Cyrano de Bergerac by Edmond Rostand

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What are three examples of Cyrano's development as a Chivalric character in Rostand's Cyrano de Bergerac?

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Of his main character Edmond Rostand observed that he has "panache": "not greatness ... but something which ... stirs above it ... the spirit of gallantry.' Certainly, Cyrano de Bergerac captures chivalry and wit in every act. But, there are three salient acts of chivalry in this drama:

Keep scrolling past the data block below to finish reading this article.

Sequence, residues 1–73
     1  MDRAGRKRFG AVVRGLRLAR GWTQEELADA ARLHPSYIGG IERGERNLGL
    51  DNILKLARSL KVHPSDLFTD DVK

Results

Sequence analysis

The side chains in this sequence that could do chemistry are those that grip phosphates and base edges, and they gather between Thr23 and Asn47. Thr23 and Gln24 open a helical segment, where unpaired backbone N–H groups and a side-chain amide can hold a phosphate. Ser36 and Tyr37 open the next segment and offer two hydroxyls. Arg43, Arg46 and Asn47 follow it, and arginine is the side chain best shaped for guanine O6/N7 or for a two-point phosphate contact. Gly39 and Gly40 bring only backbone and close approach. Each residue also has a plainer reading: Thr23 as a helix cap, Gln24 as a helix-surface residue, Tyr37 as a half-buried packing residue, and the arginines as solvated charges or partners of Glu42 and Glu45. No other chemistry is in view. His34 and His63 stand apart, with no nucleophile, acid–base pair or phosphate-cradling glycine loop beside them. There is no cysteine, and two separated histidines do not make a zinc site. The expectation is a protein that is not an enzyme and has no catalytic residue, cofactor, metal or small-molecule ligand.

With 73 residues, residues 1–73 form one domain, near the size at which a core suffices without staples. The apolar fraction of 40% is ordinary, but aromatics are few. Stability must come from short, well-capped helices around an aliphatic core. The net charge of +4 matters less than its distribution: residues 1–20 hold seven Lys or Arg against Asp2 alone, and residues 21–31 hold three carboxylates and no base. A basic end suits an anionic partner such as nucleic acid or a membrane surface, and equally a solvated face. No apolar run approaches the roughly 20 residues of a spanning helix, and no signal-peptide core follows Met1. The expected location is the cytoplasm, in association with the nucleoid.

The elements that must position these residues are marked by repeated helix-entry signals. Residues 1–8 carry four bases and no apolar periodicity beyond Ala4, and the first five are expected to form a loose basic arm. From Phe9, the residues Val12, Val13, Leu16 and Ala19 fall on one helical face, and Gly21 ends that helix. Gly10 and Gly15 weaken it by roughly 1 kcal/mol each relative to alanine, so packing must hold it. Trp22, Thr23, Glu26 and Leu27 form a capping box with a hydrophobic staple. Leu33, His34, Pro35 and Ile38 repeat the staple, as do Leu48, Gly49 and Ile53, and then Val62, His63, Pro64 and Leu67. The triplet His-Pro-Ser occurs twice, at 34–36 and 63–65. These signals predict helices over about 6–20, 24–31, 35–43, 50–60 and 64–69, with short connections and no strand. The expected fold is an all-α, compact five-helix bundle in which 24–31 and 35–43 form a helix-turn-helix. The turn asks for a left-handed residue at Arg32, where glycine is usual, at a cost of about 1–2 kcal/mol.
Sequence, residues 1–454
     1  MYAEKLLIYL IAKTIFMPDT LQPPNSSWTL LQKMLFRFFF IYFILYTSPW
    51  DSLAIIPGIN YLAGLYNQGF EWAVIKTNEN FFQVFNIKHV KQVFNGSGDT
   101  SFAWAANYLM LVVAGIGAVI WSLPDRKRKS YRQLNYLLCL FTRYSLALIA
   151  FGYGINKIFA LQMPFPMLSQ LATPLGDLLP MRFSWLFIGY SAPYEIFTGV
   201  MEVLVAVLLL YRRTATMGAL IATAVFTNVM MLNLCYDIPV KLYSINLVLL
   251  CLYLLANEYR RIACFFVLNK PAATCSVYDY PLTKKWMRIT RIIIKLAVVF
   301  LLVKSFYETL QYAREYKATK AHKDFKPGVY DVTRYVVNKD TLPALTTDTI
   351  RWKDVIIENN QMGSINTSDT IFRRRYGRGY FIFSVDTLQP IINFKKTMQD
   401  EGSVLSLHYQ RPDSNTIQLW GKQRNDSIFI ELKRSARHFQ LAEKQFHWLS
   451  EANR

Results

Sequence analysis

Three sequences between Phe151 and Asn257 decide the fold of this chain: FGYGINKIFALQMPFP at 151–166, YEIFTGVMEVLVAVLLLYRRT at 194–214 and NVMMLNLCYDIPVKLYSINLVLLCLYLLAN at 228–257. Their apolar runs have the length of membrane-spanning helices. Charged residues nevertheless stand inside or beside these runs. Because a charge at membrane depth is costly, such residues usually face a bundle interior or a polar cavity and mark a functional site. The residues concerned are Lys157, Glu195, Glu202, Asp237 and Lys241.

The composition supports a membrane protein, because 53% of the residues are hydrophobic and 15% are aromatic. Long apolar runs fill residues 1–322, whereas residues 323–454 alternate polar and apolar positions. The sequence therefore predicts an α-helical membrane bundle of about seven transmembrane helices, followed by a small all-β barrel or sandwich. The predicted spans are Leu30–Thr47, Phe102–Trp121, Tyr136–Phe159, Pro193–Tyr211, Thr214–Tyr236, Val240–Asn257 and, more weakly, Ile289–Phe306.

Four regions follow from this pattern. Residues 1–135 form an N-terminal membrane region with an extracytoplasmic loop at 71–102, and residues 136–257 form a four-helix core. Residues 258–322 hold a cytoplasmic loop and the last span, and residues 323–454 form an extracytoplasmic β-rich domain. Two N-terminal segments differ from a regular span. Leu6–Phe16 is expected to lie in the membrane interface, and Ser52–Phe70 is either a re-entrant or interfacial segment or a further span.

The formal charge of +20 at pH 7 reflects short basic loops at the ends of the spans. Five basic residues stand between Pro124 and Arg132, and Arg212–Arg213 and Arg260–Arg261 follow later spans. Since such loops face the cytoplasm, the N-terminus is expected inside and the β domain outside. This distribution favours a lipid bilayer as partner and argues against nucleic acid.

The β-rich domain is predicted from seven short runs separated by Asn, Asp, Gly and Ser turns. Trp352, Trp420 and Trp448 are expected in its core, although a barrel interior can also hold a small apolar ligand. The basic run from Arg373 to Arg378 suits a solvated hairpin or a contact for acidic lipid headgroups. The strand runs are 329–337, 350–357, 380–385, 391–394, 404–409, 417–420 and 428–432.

1. In Act II, although Cyrano himself is deeply in love with his cousin Roxane, he agrees to watch over Christian when Roxane comes to him with her loving plea for the soldier of the Gascony guards with whom she is infatuated. And, although Cyrano believes at first that she thinks of him, but is disappointed when she calls the man "handsome." Nonetheless, he agrees ironically with Roxane's statement that she and Cyrano...

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